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Potential tornado 'surreal' for residents who witnessed damaging storm in southern Ontario

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Witnessing a potential tornado was “surreal” for residents who caught a glimpse of the damaging storm in southern Ontario on Wednesday night.

At around 9:35 p.m., Mona Ashim, was on her way home from work when a dark funnel cloud could be seen in the distance as lightning flashed across the stormy sky near Alliston, Ont.

“I had never seen anything like that before,” Ashim said. While her husband drove through heavy droplets of rain, she saw a tornado warning pop up on her phone.

  • Watch video of a potential tornado in southern Ontario in the player above

Environment Canada released the warning for Newmarket, Bradford, Aurora, East Gwillimbury, Georgina, and Bradford West Gwillimbury. It alerted residents: “This is a dangerous and potentially life-threatening situation.”  

Meanwhile, in Bradford, Gabriel Berardo posted a video as the storm brewed. “It looks to be intensifying, actually,” he said around 9 p.m., standing in front of heavy storm clouds and a sky flickering with lightning. “There is rotation on it and it appears to be strengthening.”

Just 30 minutes later, he captured video of a potential tornado. “It’s kind of scary, not going to lie,” he said as a funnel flashed in the distance.

Further south, Ethan Collins posted a video that appeared to be a timelapse of the storm in Newmarket. “This IS NOT a timelapse,” he clarified. “I took this as a tornado warning was issued.”

In the 30-second video, the sky flickered from pitch black to sudden strobes of light.

“The intensity of the lightning was surreal. It was making it hard to see what was going on in the sky,” Collins said Thursday morning recalling watching the storm.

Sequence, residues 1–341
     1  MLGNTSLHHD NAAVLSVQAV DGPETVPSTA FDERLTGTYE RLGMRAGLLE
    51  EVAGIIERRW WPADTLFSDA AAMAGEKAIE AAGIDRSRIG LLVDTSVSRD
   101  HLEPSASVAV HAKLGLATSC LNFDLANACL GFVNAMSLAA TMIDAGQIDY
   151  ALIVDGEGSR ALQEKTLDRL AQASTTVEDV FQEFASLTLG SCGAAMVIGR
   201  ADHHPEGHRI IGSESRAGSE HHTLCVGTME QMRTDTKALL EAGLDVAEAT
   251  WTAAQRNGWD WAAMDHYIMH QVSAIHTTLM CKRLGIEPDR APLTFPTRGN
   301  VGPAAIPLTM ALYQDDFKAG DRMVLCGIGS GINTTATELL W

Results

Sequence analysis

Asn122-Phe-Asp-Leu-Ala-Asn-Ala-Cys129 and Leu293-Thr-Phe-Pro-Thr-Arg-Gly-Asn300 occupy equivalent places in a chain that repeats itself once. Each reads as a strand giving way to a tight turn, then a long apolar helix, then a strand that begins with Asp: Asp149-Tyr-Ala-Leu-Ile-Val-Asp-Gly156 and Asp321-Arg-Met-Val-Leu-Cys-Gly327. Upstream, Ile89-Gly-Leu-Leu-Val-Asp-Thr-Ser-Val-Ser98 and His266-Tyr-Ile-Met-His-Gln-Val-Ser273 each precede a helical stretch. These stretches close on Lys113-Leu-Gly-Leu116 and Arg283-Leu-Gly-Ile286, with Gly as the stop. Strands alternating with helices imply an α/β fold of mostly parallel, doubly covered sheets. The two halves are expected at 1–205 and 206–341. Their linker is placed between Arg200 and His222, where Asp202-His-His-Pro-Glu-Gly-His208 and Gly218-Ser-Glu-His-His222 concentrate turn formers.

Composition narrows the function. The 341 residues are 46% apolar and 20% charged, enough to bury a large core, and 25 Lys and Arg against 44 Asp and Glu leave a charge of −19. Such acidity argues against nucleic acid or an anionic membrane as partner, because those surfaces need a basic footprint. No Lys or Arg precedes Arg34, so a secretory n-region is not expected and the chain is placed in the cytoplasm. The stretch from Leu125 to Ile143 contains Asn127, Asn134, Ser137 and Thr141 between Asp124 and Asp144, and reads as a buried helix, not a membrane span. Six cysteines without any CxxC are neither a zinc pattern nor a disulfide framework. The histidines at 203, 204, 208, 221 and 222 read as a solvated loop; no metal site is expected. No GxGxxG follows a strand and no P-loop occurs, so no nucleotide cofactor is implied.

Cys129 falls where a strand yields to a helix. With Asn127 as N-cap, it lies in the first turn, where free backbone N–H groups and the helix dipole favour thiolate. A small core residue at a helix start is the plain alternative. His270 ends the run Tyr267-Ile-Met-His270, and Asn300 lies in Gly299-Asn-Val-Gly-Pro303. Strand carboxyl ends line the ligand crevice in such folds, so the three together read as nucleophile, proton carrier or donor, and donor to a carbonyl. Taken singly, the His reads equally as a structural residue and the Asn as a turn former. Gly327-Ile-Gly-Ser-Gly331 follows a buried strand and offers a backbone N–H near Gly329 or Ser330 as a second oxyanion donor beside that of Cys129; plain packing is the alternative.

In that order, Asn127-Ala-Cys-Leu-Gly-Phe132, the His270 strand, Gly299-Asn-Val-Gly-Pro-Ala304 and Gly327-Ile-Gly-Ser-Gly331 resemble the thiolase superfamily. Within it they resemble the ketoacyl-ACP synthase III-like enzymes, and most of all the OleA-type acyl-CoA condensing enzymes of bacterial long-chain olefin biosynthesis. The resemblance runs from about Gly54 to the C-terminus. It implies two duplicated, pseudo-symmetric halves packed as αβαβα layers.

“I knew if I saw large debris flying through the air, it would be time to take shelter. Thankfully it never came to that.”

Northern Tornadoes Project Executive Director Dr. David Sills said nearly all of the severe weather reports his team received on Wednesday were tied to hail – measuring up to 75mm – with very little in the way of wind damage, and no tornado sightings.

Active power outages continued to pepper southern Ontario on Thursday morning. “Our crews are out in full force responding as quickly and safely as possible to outages caused by damaging thunderstorms that continue to affect parts of the province,” Hydro One posted on its website.

“Outages are largely being caused by downed lines from trees or tree limbs,” the statement went on to say, noting the hardest hit areas as Huntsville, Bracebridge, Orillia, Barrie and Penetanguishene.

On Thursday morning, a sunny sky clear of clouds graced southern Ontario. 

“While we continue on with the fair but gusty conditions for Friday, the sunshine and seasonably warm weather will be short-lived. Another round of wet/stormy weather moves in Saturday afternoon. Much cooler winds arrive early next week,” CP24 Meteorologist Bill Coulter said.

“Enjoy or endure the early season summer-like warmth while it’s here.” 

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